FORT MYERS, Fla. — The 1971 Baltimore Orioles famously had four 20-game winners and advanced to the seventh game of the World Series. Jim Palmer, Dave McNally, Mike Cuellar, and Pat Dobson all made 30 or more starts and all pitched 224 or more innings. Three of them exceeded 280 innings.

The world champion 2004 Red Sox had five starting pitchers who never got hurt. Pedro Martinez, Curt Schilling, Derek Lowe, Tim Wakefield, and Bronson Arroyo each started at least 29 games and logged no fewer than 178 innings.

Fast-forward to 2020 and a Red Sox team with almost zero reliability in the starting rotation. More suspects than prospects.


These are not the Red Sox of “we have five aces.’’

Since the end of last season, the Sox have said goodbye to two starting pitchers, Rick Porcello and David Price. That leaves Eduardo Rodriguez, Chris Sale, and Nate Eovaldi left from last year’s starting staff (we are not including meatball artist Andrew Cashner).


Eduardo Rodriguez figures to be counted on heavily in 2020 if the Red Sox are to succeed.
Eduardo Rodriguez figures to be counted on heavily in 2020 if the Red Sox are to succeed.Jim Davis/Globe Staff

There has been a lot of noise in recent weeks about the salary-dump trade of Mookie Betts and Price, the MLB cheating investigation that darkens the spring skies over JetBlue Park, the gaping absence of Alex Cora, and new baseball boss Chaim Bloom bringing the magic of Tampa Bay to Fenway Park . . .

If we are going to bring the conversation back around to baseball, it has to be stated that the Red Sox do not have the starting pitching that normally is associated with a contending ball club. Not even close.

Rodriguez, who has battled weight, maturity, and reliability issues throughout his career, comes into the year as the staff anchor. He was a gaudy 19-6 with a 3.81 ERA in 203⅓ innings in 2019. The now-fiscally-conscious Sox rewarded this by beating Rodriguez in arbitration last week. Swell. More savings. They also said goodbye to his True North: Alex Cora.


Next up you have the once-and-possibly-future indomitable Sale, who is starting the first year of a five-year, $145 million contract. Sale came down with pneumonia, and interim manager Ron Roenicke said the stringbean lefty might not be ready for spring training.

That’s minor. What’s major is that Sale is coming off a 6-11, 4.40 season in which he visited grim reaper Dr. James Andrews for elbow issues. Sale said his elbow feels great and he’s ready to return to form. If he does, the Sox will have a dominant, All-Star strikeout king. If he doesn’t, they can keep blaming Dave Dombrowski, even though ownership had to sign off on Sale’s deal.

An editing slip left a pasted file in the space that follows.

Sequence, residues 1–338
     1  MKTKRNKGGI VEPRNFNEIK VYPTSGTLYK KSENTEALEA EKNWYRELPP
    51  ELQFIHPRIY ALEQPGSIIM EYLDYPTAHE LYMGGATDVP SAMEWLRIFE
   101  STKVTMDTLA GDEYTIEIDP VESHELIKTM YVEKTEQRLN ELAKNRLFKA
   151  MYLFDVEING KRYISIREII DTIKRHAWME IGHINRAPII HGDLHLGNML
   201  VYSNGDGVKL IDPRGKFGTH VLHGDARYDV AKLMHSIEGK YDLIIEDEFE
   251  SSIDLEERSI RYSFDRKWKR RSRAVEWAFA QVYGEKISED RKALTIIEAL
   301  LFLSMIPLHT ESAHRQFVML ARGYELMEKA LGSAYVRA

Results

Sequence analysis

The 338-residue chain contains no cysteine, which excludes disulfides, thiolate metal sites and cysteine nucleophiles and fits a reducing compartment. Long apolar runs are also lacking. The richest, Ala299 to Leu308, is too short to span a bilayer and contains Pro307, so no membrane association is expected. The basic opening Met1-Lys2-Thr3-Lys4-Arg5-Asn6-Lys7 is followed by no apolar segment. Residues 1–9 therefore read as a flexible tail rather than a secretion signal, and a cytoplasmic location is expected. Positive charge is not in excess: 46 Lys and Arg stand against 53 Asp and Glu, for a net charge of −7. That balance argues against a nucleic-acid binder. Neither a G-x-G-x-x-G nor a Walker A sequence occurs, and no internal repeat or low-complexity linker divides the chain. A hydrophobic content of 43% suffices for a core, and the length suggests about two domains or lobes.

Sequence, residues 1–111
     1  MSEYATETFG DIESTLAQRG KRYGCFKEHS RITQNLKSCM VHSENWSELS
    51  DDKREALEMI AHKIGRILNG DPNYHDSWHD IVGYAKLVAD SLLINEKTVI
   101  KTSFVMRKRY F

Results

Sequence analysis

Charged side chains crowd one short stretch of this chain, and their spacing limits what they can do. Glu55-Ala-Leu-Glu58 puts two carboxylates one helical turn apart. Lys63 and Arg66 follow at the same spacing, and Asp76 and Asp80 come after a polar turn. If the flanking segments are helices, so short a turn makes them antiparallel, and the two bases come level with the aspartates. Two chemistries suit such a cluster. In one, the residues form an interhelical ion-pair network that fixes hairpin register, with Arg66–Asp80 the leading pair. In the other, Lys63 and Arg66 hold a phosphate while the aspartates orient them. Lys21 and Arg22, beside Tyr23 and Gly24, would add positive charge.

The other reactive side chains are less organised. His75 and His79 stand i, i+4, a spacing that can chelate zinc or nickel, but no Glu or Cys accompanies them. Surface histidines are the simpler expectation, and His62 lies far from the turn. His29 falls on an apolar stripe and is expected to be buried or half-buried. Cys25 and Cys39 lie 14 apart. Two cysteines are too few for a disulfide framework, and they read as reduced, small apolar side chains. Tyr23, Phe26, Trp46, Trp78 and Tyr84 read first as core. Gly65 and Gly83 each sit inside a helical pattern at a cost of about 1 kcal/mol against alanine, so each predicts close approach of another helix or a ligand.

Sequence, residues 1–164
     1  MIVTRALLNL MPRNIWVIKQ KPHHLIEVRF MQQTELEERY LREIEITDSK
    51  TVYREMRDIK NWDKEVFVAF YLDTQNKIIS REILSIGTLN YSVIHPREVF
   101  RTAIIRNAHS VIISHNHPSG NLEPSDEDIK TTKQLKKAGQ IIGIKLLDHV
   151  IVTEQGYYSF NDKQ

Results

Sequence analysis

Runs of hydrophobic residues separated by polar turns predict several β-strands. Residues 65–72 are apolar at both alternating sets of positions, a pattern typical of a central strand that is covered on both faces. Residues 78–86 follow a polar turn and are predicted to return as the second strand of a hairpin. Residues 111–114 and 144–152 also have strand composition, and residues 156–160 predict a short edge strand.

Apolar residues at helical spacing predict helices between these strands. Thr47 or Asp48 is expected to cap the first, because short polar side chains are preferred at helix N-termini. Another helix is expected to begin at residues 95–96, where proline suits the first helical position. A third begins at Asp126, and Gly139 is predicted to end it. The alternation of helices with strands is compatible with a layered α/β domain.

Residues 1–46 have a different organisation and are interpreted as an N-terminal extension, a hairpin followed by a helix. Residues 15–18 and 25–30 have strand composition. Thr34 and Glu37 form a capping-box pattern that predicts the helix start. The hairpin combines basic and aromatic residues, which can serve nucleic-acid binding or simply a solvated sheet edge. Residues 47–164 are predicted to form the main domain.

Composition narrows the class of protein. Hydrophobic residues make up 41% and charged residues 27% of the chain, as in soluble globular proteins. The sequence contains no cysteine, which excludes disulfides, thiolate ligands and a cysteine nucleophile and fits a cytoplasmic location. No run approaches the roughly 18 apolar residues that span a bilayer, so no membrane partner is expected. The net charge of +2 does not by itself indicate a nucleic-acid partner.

Can Chris Sale regain his 2018 form?
Can Chris Sale regain his 2018 form?Jim Davis/Globe Staff

In the third spot we have Eovaldi, who has a four-year, $68 million contract because he pitched six great innings of relief in one game (which the Red Sox lost) of the 2018 World Series against the Dodgers. Ever-injured, Eovaldi was good for a 2-1 record and a 5.99 ERA in 12 starts in 2019. He pitched 67⅔ innings. Iron Joe McGinnity he is not.

The No. 4 starter would appear to be Martin Perez, a 28-year-old lefty who went 10-7 with a 5.12 ERA for the Twins last year. When he pitched for the Rangers in 2018, Perez’s ERA was 6.22. In other words, this guy might make you long for the days of Cashner.


The Sox at present have no fifth starter. As in, “Daniel Simpson Day has no grade-point average. All courses incomplete.”

Flamethrowing Darwinzon Hernandez, a 23-year-old Venezuelan lefty who fanned 57 with 26 walks in 30⅓ innings last year, is a fan favorite to fill the spot.

Youngster Darwinzon Hernandez could get an opportunity to contribute this season.
Youngster Darwinzon Hernandez could get an opportunity to contribute this season.John Bazemore/Associated Press

I asked Bloom if he’s comfortable with his starting staff.

“I don’t know if you’re ever comfortable,’’ said the young chief baseball officer. “You always want to upgrade them, and it takes so much pitching to get through a successful season, so we’re always looking to add.

“I know that we obviously took a starter out of our rotation [Price], and we like a lot of the guys that we’re eager to get a look at them as the spring rolls on, but you’re always looking to add and thicken the group.’’

More likely, we are going to see a soft parade of Tampa-like openers — tall, faceless pitchers who throw 98 m.p.h. for one inning, then disappear into the ether. It is the Tampa Bay Way, and it’s coming soon to a ballpark near you. If you like long games, The Opener is for you.

Regarding the dreaded openers, Bloom said, “It’s a possibility. I know Ron has talked about that. You’re going to want to do whatever you think gives you the best chance to win with the group that you have, but it’s also on us that we’re adding as much depth as we possibly can.’’


No doubt the Red Sox rotation and roster will look a lot different in April than they do right now. Sox clubbies need to prepare for a lot of locker-stall additions and stitching new names on old uniforms. The 2020 Red Sox will start pitchers you have never heard of, and many of them are not in Fort Myers this week.

This is what a bridge year looks like, people. Get used to it.

Dan Shaughnessy is a Globe columnist. He can be reached at dshaughnessy@globe.com. Follow him on Twitter @dan_shaughnessy.